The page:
So it’s official: Starting in 2016, the Hartford Promise will dole out $5,000 annual scholarships to city graduates attending four-year colleges, and $2,500 a year for students enrolled in two-year colleges.
This year’s high school freshmen are the first to be eligible — and need to keep up their grades and attendance for a chance at up to $20,000 over four years. Here’s the story I wrote today.
As I mentioned last week, the scholarship fund has received about $4 million in donations. School officials said Tuesday that six corporations and philanthropists gave $4.1 million, to be exact, including $2 million from the Travelers Foundation, the Hartford school system’s top corporate donor in general, and $1 million from Hartford Hospital.
More millions will be needed to fully fund the program through the Class of 2023, and so the school system has lined up “Hartford Promise Champions” who will be advocates and fundraisers, including Ramani Ayer, the former chairman and CEO of The Hartford. (Ramani also donated $300,000 himself).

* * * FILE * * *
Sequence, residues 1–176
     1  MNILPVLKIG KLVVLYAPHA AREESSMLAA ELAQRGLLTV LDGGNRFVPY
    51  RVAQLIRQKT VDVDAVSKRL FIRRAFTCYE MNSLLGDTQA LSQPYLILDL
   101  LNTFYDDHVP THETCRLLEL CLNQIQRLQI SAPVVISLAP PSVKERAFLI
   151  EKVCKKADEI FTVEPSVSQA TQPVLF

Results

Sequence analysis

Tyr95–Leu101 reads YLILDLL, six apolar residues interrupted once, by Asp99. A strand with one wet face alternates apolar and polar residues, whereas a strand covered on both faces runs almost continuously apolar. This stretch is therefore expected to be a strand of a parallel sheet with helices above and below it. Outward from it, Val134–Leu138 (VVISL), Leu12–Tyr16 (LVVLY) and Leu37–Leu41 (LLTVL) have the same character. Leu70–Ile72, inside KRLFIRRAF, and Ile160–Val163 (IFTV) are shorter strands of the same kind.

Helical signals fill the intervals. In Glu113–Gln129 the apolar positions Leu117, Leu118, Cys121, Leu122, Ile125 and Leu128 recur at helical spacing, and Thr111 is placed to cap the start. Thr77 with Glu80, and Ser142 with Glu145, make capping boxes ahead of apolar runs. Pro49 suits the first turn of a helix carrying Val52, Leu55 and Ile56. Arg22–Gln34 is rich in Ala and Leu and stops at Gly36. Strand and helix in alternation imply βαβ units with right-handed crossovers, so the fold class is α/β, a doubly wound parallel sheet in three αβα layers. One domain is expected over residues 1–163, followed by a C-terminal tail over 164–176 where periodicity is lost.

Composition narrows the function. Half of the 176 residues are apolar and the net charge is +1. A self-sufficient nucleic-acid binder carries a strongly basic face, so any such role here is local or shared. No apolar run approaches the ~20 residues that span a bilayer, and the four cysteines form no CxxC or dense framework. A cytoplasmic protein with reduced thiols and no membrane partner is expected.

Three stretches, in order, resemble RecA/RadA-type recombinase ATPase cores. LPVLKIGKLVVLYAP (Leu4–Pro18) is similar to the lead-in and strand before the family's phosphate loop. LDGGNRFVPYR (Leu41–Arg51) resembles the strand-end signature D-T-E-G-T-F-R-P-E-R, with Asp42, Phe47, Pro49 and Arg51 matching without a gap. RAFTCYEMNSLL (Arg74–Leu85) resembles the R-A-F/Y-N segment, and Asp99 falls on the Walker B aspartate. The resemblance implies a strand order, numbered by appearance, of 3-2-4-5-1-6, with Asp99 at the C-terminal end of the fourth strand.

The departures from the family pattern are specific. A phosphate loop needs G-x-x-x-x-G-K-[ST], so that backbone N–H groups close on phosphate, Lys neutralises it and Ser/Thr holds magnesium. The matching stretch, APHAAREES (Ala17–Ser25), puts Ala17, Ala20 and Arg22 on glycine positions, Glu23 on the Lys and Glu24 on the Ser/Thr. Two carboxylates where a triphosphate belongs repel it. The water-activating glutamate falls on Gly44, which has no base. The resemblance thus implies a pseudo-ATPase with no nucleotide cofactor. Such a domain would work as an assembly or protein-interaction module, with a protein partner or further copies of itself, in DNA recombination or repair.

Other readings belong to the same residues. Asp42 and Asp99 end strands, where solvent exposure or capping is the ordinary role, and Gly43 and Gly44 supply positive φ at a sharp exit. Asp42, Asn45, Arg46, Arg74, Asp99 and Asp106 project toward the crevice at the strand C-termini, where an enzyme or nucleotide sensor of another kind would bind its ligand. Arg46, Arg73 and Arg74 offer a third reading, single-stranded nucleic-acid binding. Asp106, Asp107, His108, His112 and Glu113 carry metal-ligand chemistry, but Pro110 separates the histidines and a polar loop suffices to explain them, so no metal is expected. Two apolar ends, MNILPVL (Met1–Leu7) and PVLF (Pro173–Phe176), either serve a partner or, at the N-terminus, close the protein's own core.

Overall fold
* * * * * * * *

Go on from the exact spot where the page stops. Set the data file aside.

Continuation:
This scholarship program has been a pet project of sorts for Superintendent Christina Kishimoto. She mentioned the idea the first time I interviewed her two years ago, when Kishimoto was an assistant superintendent openly seeking to replace her then-boss, the retiring Steven Adamowski.
“The Hartford Promise is real now,” Kishimoto said in a statement released this week.